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US Senator wants to increase tariffs on China until deficit returns to balance

The trade deficit between the United States and China has been at the center of a controversial political debate for the past few years, affecting both countries’ economies and diplomatic relations. In the latest push to balance the deficit, Senator Josh Hawley introduced the Raising Tariffs on Imports from China Act.

This document seeks to increase tariffs on imports from China until the US bilateral trade deficit returns to balance. In conjunction with this legislation, Senator Hawley wants debt limit talks to focus on the reduction of the trade deficit.

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The US normalized trade relations with China during the Clinton administration. Since then, the trade deficit has averaged U$S 350 billion annually, and according to Senator Hawley, it is the reason for the loss of 3.82 million jobs, particularly 2.89 million jobs in the manufacturing industry.

In 2022, the trade deficit grew to U$S 382,917 million.

China is currently the US largest supplier of goods imports. The main import categories include electrical machinery, machinery, toys and sports equipment, furniture and bedding, and miscellaneous textile articles.

Additionally, China is the 7th largest supplier of agricultural imports to the US and has steadily increased imports of services since 2010.

The legislation introduced by Senator Hawley would require the US President to calculate and subsequently publish the total value of imports into the US from China and total value of exports from the US to China annually.

The document also mandates the President to impose an additional duty of 25% on all goods imported from China if, a bilateral deficit is published in the previous calendar year, and authorizes the President to remove duties if, during the previous calendar year, the US registers a bilateral surplus with China.

In 2018, the Trump administration imposed the tariffs under section 301 of the Trade Act of 1974 based on China’s alleged intellectual property theft and forced transfer technology.

President Joe Biden’s administration has kept the tariffs on imports of Chinese goods in place for more than two years and is currently undertaking a review of the duties to evaluate their effectiveness and decide if they should continue.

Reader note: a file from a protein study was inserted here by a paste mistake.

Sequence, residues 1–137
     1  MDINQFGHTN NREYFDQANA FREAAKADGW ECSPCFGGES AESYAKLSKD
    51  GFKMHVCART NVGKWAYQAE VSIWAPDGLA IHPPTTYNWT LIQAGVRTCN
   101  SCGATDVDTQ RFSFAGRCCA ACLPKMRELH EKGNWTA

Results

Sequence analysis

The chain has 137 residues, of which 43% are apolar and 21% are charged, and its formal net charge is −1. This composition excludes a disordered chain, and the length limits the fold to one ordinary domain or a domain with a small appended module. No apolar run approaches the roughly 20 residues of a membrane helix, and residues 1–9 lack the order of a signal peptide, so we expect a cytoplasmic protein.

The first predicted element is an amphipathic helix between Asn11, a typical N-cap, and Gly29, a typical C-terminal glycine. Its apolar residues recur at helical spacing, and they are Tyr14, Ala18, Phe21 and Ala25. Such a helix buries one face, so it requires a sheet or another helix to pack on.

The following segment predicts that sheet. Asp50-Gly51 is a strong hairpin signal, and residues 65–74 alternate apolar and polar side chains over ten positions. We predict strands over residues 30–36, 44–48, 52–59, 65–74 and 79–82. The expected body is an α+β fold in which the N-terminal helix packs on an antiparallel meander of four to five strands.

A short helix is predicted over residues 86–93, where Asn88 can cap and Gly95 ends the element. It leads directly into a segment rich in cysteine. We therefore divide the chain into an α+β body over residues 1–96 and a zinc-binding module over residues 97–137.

According to a report by the US International Trade Commission (ITC), a bipartisan entity that analyzes trade issues, US importers bore almost the entire burden of tariffs on Chinese goods.

The conclusions back the longtime assertion of US Chamber of Commerce and independent academic economists that the cost of the tariffs hurt American firms and contradict Trump’s claim that China paid the ultimate cost of the duties.

Prices for imports from China across some of the most affected industries — including imports of computer equipment, semiconductors, furniture and audio and video equipment — increased as much as 25% in 2021, according to the agency.

In the same year, prices of US-produced goods in some industries rose 3% to 4%.

Imports of the affected products from China declined to about U$S 265 billion in 2021 from U$S 311 billion in 2017, the year before the duties were imposed, the ITC informed.

Last year, the US Trade Representative (USTR) began a review of the tariffs, which would have started to automatically expire in the middle of last year absent an evaluation of their impact.

USTR got numerous requests for the tariffs to continue and has kept them in place as it undertakes the review. The administration received thousands of public responses to a request for comment.

Those in favor of the tariffs believe that they have helped create public awareness and a shift in attitude regarding buying local, domestically produced goods. The supporters claimed that Section 301 affirmed the US government’s willingness to protect domestic industry, and thus empowered companies to reduce offshoring.

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Others argued that the 301 actions, coupled with existing anti-dumping (AD) and countervailing duties (CVD), helped to keep unnaturally low-priced Chinese products out of the US market. Industries that hailed the measures as being particularly helpful in that regard included polyvinyl carbon and activated carbon producers.

According to analysts, keeping artificially low-priced goods out of the market not only benefits producers, but has a ripple effect throughout the economy, contributing to shorter lead times, supply security, and a domestic preference for US goods.

Notably, 65 percent of the companies supporting the 301 tariffs are already afforded protection with existing AD and CVDs, many of which not only wanted the 301 tariffs to continue, but also favoured their expansion.

As the Biden administration undertakes a full review of the Section 301 tariff actions, it faces the task of weighing the costs alongside the benefits. Some industries have profited from the tariffs, while most of the costs have been borne largely by US consumers.

As Americans struggle with high inflation, the question before the Biden administration is whether the benefits accruing to a few industries outweigh the harms on the rest of the US economy.


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